You may remember Rahela from the story she shared almost exactly a year ago, when she was finishing two years of high school in the U.S. She hadn’t made any close friends in those two years and was struggling to explain why. A year later, she’s just finished her freshman year in college. She went in hoping for a clean start, and excited about meeting some new people, especially her roommate. But when her relationship with the roommate had a somewhat rocky start, Rahela wondered whether she was destined to spend college lonely once again.
Here’s Rahela’s story of how she got off on the wrong foot with her roommate, and why first impressions aren’t always correct:
“I know that you would have liked to have had an American roommate,” my host mother said as we drove straight from the airport to my first day of college, “but she is from Tanzania.”
I was very nervous to start college. I had already studied in the U.S. for high school, but this would be a new and a different environment. At the same time, I was feeling eager to start my first day – I was already a week late due to visa issues coming from Afghanistan – and I was looking forward to getting introduced to new people, especially my roommate.
“That is fine,” I told my host mother, optimistically. “I wanted an American roommate to improve my English, but it is okay. A girl from Tanzania may help too.”
I have heard many stories from students who had a hard time living with their roommates and even had to move out because they couldn’t get along. I knew that my roommate and I would have two different personalities, with two different cultural backgrounds, countries and beliefs, but trusted that I could adapt to different or even difficult conditions and be happy.
My roommate was the second person I met on campus. She was sitting on her bed doing her homework when I walked into the room, and she stood up to introduce herself to my host mother and me. Her name was “Shraddha,” but she said I could call her “Shah.”
My first impression was that she seemed like a kind girl, but also a rich and proud person. She seemed introverted, but she was more talkative with me than with the other students, which made me feel special.
I wanted to share my experiences, to talk about my country and my family with her. It seemed like she had the same feeling. Sometimes she felt homesick, missed her family and cried at the beginning. I understood what she was feeling, and I wanted to hug her and tell her not to worry, that everything will be alright after a while. But I thought it might not be appropriate in her culture for me to interfere.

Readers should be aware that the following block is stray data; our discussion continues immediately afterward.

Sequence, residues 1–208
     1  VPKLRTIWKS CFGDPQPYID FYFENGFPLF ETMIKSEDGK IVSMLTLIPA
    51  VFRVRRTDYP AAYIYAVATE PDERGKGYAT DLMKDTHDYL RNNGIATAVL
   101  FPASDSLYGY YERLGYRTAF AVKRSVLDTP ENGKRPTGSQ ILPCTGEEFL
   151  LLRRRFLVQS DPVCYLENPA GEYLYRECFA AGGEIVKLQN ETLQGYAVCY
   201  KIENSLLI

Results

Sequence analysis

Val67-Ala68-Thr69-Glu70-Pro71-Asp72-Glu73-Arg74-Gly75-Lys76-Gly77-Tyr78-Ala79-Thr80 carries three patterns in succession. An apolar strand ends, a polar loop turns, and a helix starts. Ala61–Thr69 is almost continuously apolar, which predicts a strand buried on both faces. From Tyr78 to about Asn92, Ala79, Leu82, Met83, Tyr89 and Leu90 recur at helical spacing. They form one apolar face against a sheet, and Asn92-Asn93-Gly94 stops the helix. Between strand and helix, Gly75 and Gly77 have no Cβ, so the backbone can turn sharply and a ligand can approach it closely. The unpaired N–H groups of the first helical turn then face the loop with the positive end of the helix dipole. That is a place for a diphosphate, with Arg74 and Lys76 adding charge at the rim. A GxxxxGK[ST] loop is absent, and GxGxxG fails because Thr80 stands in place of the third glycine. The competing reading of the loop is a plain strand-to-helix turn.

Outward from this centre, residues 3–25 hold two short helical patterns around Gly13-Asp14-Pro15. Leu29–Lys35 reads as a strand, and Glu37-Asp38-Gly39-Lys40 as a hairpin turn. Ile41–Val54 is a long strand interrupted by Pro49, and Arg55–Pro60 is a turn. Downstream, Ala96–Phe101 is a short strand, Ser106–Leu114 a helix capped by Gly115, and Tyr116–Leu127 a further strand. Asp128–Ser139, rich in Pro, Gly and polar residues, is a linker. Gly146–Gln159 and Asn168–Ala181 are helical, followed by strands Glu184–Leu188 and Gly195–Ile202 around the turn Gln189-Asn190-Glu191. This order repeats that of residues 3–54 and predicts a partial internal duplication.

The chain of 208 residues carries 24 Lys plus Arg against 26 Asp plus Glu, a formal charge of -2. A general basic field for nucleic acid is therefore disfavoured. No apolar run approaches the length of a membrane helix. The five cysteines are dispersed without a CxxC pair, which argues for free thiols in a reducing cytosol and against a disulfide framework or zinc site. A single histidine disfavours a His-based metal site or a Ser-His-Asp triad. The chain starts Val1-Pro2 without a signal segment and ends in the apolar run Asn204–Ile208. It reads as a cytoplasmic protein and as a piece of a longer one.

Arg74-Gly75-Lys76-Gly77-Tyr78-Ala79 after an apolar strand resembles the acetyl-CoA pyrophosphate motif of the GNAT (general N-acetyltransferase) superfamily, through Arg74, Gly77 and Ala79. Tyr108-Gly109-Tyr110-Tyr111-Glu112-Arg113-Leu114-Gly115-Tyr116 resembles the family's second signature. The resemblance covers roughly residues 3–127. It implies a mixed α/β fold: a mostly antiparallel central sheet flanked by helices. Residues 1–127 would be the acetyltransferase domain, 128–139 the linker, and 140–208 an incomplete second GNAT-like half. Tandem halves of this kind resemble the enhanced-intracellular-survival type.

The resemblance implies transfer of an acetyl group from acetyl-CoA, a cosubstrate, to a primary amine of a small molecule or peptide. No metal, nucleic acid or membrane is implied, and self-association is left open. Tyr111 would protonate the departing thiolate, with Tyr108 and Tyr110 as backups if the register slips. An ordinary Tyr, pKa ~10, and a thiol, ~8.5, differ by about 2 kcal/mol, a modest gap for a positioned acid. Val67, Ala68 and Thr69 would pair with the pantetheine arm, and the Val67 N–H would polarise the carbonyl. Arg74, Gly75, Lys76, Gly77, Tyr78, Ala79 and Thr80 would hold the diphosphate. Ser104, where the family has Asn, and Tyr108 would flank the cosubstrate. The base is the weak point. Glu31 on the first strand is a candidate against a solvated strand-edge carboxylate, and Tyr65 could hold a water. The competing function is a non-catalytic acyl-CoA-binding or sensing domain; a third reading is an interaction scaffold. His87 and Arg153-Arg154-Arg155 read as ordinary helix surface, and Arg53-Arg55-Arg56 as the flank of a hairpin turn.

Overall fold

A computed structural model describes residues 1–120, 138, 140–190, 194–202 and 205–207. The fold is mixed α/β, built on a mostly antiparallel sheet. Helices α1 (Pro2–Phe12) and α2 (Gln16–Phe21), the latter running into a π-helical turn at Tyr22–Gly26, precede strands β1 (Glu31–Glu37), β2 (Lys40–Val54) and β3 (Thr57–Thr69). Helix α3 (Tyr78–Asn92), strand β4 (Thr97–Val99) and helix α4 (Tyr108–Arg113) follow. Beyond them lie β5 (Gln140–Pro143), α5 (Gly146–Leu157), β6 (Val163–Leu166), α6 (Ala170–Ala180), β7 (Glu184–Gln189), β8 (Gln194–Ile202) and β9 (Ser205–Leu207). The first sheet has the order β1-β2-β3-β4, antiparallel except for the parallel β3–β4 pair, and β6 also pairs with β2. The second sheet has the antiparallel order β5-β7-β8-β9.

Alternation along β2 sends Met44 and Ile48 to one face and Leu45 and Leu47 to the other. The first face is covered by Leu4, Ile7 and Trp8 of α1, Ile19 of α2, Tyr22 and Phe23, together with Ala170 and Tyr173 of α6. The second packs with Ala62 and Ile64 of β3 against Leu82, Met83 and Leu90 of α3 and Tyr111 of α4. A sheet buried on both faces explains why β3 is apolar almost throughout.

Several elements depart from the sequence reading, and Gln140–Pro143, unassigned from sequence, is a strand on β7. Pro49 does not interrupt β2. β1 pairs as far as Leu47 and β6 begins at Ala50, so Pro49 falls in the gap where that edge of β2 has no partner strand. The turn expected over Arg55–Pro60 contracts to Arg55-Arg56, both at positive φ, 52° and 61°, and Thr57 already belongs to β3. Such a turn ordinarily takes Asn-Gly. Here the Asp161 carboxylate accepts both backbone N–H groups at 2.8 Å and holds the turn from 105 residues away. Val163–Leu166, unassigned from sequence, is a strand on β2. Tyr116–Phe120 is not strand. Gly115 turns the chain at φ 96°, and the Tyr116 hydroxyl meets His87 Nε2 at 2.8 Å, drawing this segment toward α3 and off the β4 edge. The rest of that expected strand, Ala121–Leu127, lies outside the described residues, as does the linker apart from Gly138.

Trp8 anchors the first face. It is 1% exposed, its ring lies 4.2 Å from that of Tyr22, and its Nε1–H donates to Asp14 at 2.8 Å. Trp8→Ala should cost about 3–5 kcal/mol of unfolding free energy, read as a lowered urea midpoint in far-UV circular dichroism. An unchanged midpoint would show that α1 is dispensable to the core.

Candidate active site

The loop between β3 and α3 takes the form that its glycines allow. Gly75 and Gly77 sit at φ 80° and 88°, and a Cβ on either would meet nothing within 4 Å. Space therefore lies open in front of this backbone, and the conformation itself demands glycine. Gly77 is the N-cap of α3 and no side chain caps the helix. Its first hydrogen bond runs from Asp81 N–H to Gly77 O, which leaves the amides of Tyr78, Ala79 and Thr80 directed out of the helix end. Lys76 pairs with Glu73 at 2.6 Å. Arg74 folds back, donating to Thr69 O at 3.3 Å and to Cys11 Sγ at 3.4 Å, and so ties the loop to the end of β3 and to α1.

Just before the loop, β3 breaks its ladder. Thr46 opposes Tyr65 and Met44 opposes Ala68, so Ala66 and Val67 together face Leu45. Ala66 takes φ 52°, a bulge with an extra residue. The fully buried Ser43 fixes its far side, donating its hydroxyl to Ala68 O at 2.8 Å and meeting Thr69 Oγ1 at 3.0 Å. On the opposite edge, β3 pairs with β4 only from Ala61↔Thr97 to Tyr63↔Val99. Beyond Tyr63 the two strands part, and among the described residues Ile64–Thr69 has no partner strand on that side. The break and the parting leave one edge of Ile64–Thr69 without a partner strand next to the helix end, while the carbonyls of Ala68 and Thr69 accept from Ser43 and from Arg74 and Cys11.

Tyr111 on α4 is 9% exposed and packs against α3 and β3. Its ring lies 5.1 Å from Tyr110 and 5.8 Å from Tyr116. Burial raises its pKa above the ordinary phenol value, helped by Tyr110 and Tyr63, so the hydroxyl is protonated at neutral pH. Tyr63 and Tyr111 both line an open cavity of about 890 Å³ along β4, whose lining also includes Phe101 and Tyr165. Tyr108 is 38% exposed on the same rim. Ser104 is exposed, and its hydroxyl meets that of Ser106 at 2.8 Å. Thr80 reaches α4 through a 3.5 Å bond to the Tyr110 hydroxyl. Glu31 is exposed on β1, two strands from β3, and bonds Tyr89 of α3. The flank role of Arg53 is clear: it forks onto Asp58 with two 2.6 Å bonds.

During the past two years of high school and living in the U.S. I hadn’t made any close friends. This was a chance to be friends with my roommate.
I remember we both had to sign an agreement about living with a roommate and one of the sentences said, “Do not disturb your roommate while she is studying and do not use her personal items without her permission.” I didn’t really like this commitment, although of course I respected the rules and signed it, because I always wish to have a friend be like my sister. When she needs something she is allowed to use mine and return it back and we would never argue with each other.
About a week after our first meeting, I was feeling very happy and excited for no reason. I had an urge to run like a kid and express my feeling to my roommate. On the way back from the dining hall, I asked her to run with me but she refused and said, “No one can be my friend, except my classmates in Tanzania.”
I felt the blood stop in my veins.
I had really hoped that we would be friends, but now I lost my hope and felt that no one could be my friend. I went to the bathroom and the tears came unintentionally. I did not want her to know.
As time passed, however, I felt we became closer. Maybe she just needed more time to get to know me. I thought that I might not be close like her friends back home, but I could show her that I could still be a normal friend to her.
We talked more and found similarities in our beliefs and cultures. I told her about my religion, Islam, and found out she could already answer all my Islamic questions because she has many Muslim friends in her city, and she said, joking, “I am a half Muslim.” I learned that she is a neat and organized person who is always the first person to arrive to class.
Christmas break was the first time I really missed her. We had both gotten used to each other. We sometimes studied together or went for an afternoon walk. We talked about our memories and experiences back home every night. We cooked our food sometimes, sang and danced, laughed and teased each other.
My roommate’s perseverance, strength and confidence motivated me to be like her and do well in my academics. She is not a rich and proud person, as I had first thought. Though she is three years younger than me, I accepted her as a role model and know her as a mature girl. My roommate is not just a roommate or a normal friend for me now. She has a special place in my life as one of my best friends.
Eventually I told her about my first impressions and the day that I got made at her and cried. She apologized for all that and I realized how deep our relationship had gotten that we could both show each other’s mistakes like a mirror and accept the reality and apologize.
I’ll never forget the last days of college when we were packing our stuff. We had a nice conversation and I asked her, “What was your favorite memory of freshman year?” She replied, “Living with you.” That day I felt I reached my goal and I found my place in her heart. We are both excited to start our sophomore year and be roommates with each other again.
Have you had a good or a bad roommate experience? What do you think it takes to build a positive relationship with your roommate? Share your story in the comments or using the form below.